DUEL AT DIABLO —–grim 1966 western with nary a light moment in 103 merciless minutes. Lots of action, fine cinematography and a nifty music score help an offbeat cast battle the downer tone, some sloppy editing and an unwieldy script.
Looking to avenge his wife’s murder, a scout (James Garner, sans niceness) first has to contend with a rookie cavalry unit (led by Bill Travers) being ambushed and decimated by the Apaches, who also want the baby belonging to a shamed but defiant white woman (Bibi Andersson) who crossed the unforgivable color line, which greatly displeases her Indian-hating husband (Dennis Weaver). A fancy-outfitted ex-vet (Sidney Poitier) lends his experience and gun skills.
The script’s assorted irons—revenge, racism and rampage— are not juggled well enough into the fire by director Ralph Nelson: it plays better as a stylized effort in the vein of the spaghetti westerns emerging at the time. The dead seriousness lacks the goofy aspect of the European shootups and logic loopholes undercut its pose as meaningful. I like it, but aside from the visual look, score and some of the action, we’ll concede it’s shakily constructed.
“My horse is dead and you’re back – shoulda been the other way around.”
The cast do well enough, though Travers and Andersson are definitely out of their element. For his first feature film in six years, Weaver sheds his folksy ‘Chester’ from nine seasons limping around Gunsmoke to play a bastard (and pays a literally tortuous price). Garner is glum (not a lot to be happy about here). A refreshing aspect to Poitier’s character is that nothing is made of his color. Shallow as written but showy to see, it earns points as another notch forward in moving mainstream minds toward tolerance. An African-American buddy of mine cited Poitier’s role here as one that had a considerable hero-effect (movie-version) for him as a child. *
Charles F. Wheeler was behind the lens in his first feature credit as cinematographer, capturing some dramatic sun-baked scenery on locations in Utah at White Cliffs, Glen Canyon, Paria, Kanab Canyon and the Kaibab National Forest. Ralph Nelson’s directing of the plentiful, bruising action scenes shows flair, aided by some energetic stuntmen and cooperative horses, though the sound crew got their wires—or rather, noises—crossed with numerous instances of gunshot sounds varying from scene-to-scene, the same weapon somehow capable of three different types of ka-pow. A to-heck-with-it goof, or deliberate choice for varying the audio effect? **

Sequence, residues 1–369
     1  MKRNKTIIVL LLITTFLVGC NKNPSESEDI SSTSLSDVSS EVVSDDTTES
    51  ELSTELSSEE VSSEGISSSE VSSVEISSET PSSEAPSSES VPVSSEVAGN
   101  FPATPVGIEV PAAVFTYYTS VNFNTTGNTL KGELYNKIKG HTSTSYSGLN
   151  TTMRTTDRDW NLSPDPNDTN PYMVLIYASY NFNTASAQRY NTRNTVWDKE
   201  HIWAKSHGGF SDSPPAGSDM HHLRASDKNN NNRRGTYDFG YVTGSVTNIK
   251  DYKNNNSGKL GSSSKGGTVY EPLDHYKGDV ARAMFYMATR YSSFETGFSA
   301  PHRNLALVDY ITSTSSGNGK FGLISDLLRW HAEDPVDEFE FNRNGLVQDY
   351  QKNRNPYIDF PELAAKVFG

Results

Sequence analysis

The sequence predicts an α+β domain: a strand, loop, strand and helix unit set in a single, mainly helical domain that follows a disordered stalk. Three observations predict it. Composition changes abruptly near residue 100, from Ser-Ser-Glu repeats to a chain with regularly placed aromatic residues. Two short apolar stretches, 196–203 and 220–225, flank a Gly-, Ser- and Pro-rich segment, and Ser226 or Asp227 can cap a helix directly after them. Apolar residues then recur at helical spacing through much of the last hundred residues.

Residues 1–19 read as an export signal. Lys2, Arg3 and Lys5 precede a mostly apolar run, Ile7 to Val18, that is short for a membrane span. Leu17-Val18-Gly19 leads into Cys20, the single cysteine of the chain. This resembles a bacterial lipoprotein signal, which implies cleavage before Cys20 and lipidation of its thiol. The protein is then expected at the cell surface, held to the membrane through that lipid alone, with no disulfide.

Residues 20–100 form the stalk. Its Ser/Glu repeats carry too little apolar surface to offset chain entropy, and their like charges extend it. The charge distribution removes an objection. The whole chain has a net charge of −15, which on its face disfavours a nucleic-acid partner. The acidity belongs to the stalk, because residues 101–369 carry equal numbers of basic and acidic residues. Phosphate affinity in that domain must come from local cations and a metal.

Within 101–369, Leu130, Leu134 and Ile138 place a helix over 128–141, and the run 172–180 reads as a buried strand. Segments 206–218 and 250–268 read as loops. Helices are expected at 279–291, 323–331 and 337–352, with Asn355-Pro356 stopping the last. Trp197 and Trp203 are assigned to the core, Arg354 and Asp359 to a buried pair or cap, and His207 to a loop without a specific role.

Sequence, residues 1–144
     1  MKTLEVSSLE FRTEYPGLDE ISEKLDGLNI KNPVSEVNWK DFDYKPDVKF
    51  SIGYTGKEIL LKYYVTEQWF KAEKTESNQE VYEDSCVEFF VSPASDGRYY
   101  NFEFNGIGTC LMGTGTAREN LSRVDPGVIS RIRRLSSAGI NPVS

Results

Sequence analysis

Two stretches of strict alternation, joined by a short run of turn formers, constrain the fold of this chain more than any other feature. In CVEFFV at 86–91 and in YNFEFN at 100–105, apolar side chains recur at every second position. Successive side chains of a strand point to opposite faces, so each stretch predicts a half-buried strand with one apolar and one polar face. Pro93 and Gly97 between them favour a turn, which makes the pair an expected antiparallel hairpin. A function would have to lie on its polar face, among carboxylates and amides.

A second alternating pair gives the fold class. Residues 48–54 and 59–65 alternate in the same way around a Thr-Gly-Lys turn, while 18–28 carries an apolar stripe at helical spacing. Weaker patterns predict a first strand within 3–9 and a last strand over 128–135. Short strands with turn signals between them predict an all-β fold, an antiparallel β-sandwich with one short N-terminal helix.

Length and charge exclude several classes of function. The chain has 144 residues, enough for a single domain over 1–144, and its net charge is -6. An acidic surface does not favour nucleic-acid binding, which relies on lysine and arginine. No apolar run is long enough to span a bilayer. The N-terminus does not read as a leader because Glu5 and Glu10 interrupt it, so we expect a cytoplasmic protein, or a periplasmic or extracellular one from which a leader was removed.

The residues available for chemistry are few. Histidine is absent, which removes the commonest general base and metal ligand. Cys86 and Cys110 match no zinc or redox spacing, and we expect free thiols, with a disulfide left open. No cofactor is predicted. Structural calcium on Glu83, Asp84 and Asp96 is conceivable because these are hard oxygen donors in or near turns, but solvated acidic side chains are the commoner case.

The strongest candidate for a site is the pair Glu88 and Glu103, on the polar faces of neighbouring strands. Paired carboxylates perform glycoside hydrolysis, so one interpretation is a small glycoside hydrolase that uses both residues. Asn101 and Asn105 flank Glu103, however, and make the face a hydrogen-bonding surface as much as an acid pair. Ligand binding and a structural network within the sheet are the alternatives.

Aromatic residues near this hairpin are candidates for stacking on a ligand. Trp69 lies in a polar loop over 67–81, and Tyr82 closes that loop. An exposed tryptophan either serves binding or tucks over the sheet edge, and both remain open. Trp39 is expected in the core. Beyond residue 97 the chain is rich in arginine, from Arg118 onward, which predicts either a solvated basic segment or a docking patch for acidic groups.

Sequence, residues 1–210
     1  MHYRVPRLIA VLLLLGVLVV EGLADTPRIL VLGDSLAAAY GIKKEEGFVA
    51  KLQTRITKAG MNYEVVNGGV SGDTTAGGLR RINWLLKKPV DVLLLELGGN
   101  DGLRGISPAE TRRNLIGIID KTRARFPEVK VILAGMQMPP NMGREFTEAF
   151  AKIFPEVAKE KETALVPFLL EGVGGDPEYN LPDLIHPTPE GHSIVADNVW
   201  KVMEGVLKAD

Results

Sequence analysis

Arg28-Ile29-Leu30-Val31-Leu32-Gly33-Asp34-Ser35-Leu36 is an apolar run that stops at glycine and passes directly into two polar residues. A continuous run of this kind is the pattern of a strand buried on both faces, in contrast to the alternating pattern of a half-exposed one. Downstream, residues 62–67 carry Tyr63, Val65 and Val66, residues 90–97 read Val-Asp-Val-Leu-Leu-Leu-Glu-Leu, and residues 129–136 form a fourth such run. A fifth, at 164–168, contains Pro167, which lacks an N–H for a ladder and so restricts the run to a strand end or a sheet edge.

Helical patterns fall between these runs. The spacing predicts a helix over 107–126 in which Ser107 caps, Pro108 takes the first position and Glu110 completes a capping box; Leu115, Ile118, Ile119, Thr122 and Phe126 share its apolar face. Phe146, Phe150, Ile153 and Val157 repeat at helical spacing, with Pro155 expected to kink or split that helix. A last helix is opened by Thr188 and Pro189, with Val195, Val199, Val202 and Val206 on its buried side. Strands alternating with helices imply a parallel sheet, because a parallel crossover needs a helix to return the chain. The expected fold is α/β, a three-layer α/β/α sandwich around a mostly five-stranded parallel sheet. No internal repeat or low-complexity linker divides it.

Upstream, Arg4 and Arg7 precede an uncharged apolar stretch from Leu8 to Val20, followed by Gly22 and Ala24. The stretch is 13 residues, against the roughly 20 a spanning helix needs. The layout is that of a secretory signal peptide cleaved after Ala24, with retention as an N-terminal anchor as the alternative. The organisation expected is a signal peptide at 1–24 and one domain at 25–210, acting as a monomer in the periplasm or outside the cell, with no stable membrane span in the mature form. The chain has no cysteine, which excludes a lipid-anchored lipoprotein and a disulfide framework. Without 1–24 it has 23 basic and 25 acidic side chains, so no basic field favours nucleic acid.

As to sound, the best single aspect is the untraditional scoring from noted jazz trumpeter/composer/arranger Neal Hefti. His instrumentation doesn’t conjure typical western soundtrack embroidery. Perhaps he was influenced by the Ennio Morricone scores making their way into our noggins, as much as his heritage with hipper modern urban styling, but it somehow fits the cactus & cavalry groove here, and the arresting main theme has a mournful undertone that complements its catchy momentum.
With William Redfield, John Hoyt (as ‘Chata’–go figure), John Crawford and the imposing, ubiquitos Eddie Little Sky. The standard 103 minutes, it slashed & burned into 59th place for 1966.
* Are the following the only instances before this where a Black man was given hero cred in a western? In 1960, Woody Strode, memorable in Ford’s Sergeant Rutledge, and Jester Hairston, fighting to the last in The Alamo. In 1964, future action icon Jim Brown nailed down his end of rugged Rio Conchos. Strode (who’d also been the guy who tossed the Winchester to The Man Who Shot Liberty Valance) would have a deserved break in the big hit western that same year as Duel At Diablo, sharing in the applause as one of The Professionals.
** Ralph Nelson helped Sidney Poitier win his Oscar for Lilies Of The Field and later one for Cliff Robertson as Charly. He scored with Requiem For A Heavyweight and Father Goose and flopped badly with Once A Thief, Counterpoint, Soldier Blue and Embryo. Long before he found energy outlet in film, he was a teen terror, with Judge Ferdinand Pecora deeming him “potentially the most juvenile criminal in New York”. The one-time punk became a flight instructor in WW2, directed hundreds of plays and live TV episodes, and received a honorary Doctor of Humane Letters from Columbia University.